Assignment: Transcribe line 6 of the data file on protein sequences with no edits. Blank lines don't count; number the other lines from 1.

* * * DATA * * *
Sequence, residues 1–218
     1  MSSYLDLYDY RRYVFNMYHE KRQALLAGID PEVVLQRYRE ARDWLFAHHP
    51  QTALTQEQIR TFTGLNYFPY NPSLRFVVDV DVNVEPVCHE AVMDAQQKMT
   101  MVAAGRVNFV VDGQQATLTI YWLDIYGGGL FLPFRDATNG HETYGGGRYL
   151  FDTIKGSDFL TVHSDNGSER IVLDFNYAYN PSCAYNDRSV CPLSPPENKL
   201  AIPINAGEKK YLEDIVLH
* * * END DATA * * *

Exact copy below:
   201  AIPINAGEKK YLEDIVLH